Mutations M184V and Y115F in HIV-1 reverse transcriptase discriminate against "nucleotide-competing reverse transcriptase inhibitors".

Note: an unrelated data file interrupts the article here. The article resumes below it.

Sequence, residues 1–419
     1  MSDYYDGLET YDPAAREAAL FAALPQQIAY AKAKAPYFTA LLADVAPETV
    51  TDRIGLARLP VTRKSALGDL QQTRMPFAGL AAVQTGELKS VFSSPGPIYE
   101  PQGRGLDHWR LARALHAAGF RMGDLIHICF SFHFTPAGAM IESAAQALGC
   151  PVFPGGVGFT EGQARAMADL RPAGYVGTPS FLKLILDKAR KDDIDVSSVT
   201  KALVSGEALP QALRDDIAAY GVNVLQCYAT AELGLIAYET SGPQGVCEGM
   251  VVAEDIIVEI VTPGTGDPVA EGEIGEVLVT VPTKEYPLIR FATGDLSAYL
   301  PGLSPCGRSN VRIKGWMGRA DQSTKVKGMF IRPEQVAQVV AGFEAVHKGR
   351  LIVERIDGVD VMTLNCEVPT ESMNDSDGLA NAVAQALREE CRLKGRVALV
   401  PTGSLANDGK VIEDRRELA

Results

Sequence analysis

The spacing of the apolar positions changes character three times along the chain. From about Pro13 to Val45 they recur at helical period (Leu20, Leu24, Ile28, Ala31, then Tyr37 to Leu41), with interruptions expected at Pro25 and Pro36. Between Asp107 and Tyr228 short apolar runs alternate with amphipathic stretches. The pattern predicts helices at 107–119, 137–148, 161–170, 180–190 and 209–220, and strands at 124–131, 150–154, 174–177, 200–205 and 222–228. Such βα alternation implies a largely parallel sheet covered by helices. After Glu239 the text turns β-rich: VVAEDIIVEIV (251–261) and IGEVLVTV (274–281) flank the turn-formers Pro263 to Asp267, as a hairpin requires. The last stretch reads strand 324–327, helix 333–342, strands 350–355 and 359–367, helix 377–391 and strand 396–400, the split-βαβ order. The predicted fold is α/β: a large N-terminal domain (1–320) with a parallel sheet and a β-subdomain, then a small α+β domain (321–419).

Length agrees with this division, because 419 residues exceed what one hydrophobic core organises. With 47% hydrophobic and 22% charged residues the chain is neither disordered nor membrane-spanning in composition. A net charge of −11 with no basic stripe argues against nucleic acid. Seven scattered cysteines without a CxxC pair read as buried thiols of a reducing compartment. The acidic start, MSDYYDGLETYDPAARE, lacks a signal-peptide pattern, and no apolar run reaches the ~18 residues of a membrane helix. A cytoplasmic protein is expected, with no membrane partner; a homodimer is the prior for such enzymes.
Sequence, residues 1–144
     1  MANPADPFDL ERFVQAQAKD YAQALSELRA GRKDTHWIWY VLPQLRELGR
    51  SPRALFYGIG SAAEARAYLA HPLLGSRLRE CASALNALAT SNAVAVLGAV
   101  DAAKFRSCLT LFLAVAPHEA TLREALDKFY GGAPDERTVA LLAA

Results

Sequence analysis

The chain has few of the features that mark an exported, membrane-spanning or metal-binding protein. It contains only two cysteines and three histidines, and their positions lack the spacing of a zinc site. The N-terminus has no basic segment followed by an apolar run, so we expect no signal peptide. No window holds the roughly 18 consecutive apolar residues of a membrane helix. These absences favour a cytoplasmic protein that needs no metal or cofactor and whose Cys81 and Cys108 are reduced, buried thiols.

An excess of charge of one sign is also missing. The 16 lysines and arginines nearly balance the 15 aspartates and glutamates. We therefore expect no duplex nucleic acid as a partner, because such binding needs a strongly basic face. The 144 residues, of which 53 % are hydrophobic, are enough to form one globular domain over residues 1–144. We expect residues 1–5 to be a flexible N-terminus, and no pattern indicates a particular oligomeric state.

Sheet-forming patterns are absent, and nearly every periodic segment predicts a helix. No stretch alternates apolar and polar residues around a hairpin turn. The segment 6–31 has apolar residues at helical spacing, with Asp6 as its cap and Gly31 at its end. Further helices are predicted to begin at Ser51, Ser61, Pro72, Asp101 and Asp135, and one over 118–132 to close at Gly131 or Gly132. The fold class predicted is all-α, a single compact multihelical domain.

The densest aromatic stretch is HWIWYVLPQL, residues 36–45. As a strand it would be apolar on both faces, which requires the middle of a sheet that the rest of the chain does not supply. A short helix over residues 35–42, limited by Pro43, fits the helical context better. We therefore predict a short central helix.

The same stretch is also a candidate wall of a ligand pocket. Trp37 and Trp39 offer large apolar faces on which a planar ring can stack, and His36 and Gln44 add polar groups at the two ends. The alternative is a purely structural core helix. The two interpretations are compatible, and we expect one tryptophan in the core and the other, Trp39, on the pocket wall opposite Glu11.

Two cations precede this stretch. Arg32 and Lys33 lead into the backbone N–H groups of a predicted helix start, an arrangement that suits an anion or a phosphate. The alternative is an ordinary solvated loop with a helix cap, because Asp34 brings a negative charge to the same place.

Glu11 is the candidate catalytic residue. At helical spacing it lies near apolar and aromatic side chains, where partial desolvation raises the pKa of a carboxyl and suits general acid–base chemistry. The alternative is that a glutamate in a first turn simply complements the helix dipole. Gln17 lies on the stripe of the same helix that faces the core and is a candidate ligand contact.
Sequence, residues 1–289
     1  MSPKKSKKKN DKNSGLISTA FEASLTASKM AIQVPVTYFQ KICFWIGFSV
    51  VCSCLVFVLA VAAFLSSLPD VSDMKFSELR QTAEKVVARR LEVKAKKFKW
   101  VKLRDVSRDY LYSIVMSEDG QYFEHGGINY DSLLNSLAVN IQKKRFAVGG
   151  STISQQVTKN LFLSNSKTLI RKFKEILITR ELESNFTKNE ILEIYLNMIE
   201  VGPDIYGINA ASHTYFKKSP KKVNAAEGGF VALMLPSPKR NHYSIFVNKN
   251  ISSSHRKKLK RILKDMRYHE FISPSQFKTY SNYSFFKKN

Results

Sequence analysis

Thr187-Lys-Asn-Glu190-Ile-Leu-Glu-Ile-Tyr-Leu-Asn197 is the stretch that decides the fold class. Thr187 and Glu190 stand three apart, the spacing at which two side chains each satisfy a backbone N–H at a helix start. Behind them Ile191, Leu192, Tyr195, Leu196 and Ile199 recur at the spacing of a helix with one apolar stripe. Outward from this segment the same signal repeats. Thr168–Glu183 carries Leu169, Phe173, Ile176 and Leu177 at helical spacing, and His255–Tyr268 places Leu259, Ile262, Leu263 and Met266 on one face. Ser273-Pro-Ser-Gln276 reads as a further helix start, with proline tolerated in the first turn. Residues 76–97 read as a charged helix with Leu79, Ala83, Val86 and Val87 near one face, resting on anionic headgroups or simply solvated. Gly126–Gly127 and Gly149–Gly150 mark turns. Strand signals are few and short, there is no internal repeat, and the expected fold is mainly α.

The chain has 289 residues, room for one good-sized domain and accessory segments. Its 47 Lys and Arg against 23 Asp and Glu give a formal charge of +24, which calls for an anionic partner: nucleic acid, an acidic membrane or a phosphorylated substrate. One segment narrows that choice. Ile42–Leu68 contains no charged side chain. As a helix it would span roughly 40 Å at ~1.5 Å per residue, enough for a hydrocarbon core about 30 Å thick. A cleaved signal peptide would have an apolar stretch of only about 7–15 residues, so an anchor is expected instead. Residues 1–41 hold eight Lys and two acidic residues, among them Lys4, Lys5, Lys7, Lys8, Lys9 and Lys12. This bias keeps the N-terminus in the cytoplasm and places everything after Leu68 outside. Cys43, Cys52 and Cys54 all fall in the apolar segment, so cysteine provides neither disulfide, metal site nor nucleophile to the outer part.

Indolopyridones are potent inhibitors of reverse transcriptase (RT) of the human immunodeficiency virus type 1 (HIV-1). Although the structure of these compounds differs from established nucleoside analogue RT inhibitors (NRTIs), previous studies suggest that the prototype compound INDOPY-1 may bind in close proximity to the polymerase active site. NRTI-associated mutations that are clustered around the active site confer decreased, e.g. M184V and Y115F, or increased, e.g. K65R, susceptibility to INDOPY-1. Here we have studied the underlying biochemical mechanism. RT enzymes containing the isolated mutations M184V and Y115F cause 2-3-fold increases in IC(50) values, while the combination of the two mutations causes a >15-fold increase. K65R can partially counteract these effects. Binding studies revealed that the M184V change reduces the affinity to INDOPY-1, while Y115F facilitates binding of the natural nucleotide substrate and the combined effects enhance the ability of the enzyme to discriminate against the inhibitor. Studies with other strategic mutations at residues Phe-61 and Ala-62, as well as the use of chemically modified templates shed further light on the putative binding site of the inhibitor and ternary complex formation. An abasic site residue at position n, i.e. opposite the 3'-end of the primer, prevents binding of INDOPY-1, while an abasic site at the adjacent position n+1 has no effect. Collectively, our findings provide strong evidence to suggest that INDOPY-1 can compete with natural deoxynucleoside triphosphates (dNTPs). We therefore propose to refer to members of this class of compounds as "nucleotide-competing RT inhibitors" (NcRTIs).





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